Working From Home, a Dream or a Nightmare?
For many working from home is the stuff dreams are made of, and although only a small percentage of people will ever end up fulfilling this dream it is worth spending some time looking at the pros and cons.
When I first began working from home it was when my office in a downtown highrise decided to cut costs by moving to a smaller office in the suburbs. As my position of a web designer is done completely online and from a computer, I was one of the first to be given the option to work from home. I, of course, took it, knowing that this meant an enormous amount of freedom, and perhaps most importantly, the option to work in my pajamas! It was not all fun and games, however, and I would like to share some of the things that I learned “the hard way” so that maybe you will not have to:
1. Set up and maintain a dedicated workspace
It is easy to want to work on the couch in front of the television, or outside on the porch, or at the coffee shop down the street- but it is essential to set up, use, and MAINTAIN your at home workspace. For some people, this is a no brainer, but for me things can get out of control really quick if I am not being extra conscious of what I am doing. If you are lucky enough to have an extra room you can set up as an office you are golden, but if not you may need to get creative. I have used room partitions before to set off a portion of my bedroom as a work-space and this seems to work well. The important thing is that you set up your space and use it.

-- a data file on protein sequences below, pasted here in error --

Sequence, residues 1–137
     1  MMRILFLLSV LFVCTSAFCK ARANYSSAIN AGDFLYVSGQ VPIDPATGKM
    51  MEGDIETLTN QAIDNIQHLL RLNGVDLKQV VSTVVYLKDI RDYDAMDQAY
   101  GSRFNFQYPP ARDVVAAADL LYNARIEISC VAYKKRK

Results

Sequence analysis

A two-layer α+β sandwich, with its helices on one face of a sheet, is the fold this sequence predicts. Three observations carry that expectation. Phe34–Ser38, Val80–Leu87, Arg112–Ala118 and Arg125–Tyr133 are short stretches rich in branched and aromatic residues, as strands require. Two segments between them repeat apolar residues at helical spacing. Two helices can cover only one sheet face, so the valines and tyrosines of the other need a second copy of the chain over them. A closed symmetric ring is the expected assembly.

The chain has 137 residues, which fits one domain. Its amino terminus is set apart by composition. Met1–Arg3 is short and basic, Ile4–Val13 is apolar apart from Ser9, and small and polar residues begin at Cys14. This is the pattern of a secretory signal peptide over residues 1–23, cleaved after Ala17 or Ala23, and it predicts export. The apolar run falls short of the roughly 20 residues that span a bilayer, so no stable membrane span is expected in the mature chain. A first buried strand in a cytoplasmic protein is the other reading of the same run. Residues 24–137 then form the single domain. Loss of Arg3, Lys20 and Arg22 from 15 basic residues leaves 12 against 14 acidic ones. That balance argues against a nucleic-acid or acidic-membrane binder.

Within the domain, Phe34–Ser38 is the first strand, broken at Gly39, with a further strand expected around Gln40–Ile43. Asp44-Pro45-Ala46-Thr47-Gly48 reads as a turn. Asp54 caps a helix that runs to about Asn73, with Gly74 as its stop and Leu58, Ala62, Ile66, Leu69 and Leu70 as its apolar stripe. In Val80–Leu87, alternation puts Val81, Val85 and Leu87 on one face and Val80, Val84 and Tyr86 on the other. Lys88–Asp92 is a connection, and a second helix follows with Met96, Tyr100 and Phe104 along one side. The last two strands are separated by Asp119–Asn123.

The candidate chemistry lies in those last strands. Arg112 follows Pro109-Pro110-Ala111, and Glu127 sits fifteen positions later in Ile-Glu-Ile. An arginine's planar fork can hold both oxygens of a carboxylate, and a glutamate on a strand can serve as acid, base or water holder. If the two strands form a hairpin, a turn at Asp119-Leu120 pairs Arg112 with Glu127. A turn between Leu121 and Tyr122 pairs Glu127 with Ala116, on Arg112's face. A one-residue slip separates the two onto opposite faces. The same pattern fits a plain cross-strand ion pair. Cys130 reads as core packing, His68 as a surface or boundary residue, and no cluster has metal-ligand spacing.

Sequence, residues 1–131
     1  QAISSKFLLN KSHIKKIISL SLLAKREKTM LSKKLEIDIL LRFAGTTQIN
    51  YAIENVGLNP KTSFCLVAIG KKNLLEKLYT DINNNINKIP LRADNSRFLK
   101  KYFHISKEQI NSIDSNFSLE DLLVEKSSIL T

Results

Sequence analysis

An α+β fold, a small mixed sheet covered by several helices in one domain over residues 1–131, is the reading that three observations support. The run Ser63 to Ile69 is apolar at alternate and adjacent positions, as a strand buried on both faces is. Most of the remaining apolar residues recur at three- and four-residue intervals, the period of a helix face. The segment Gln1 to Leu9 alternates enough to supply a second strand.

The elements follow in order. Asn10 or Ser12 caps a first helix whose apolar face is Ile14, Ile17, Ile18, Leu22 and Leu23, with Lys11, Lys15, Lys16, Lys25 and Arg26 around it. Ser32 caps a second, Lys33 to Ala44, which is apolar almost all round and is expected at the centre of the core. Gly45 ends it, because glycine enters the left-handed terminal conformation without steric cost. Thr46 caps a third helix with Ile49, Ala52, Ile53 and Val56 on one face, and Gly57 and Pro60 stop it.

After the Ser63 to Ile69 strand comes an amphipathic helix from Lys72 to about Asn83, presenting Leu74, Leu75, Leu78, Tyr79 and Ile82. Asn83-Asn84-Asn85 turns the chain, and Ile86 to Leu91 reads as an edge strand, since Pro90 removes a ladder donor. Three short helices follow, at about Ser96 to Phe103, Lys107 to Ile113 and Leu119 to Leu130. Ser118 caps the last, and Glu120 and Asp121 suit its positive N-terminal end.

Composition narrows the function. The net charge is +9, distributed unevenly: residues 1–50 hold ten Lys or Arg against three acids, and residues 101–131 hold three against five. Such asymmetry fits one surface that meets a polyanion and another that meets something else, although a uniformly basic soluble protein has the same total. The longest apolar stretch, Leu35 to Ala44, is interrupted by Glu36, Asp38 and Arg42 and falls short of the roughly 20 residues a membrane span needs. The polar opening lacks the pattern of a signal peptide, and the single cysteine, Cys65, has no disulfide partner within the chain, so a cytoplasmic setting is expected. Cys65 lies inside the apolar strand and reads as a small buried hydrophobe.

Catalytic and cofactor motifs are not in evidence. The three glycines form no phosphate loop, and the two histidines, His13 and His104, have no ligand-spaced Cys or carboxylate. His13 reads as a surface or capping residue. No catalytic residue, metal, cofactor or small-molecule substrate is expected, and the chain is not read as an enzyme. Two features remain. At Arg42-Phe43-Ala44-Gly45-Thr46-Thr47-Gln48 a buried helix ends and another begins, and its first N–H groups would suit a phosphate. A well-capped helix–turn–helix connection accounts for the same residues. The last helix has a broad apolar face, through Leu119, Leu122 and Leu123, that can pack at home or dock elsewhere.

2. Maintain an Even Work/Life Balance
When you think about the phrase “working from home” it sounds pretty appealing, but when you realize that the opposite is also true, in that you are also simultaneously “living at work” some of the appeal seems to fade. With this being the case it is important to set the two apart and identify different parts of your day as “work” time and others as “your” time. With the boundaries between work and home blurred this can be easier said than done so it is worth keeping in the front of your mind.
3. Set Boundaries With Friends and Family
It is often difficult for those who don’t work from home to comprehend that just because I am in my pajamas that I am not actually “at work.” Because of this they may be more prone to engage you socially or expect other things from you such as running errands or doing extra housework since you are “at home” that they would not if you were at the “the office.”
This can be especially true if you have little ones running around- I know I am definitely looking forward to the end of the summer! On a serious note, it is okay and in fact necessary to draw boundaries and expectations from family, friends, and room mates so that your work time is recognized and treated as such. This is a two way street however, so if they see you sitting around, drinking coffee, watching TV, or otherwise appear to be not taking your work seriously they will be less likely to as well.
By applying the above you will love working from home as much as I do!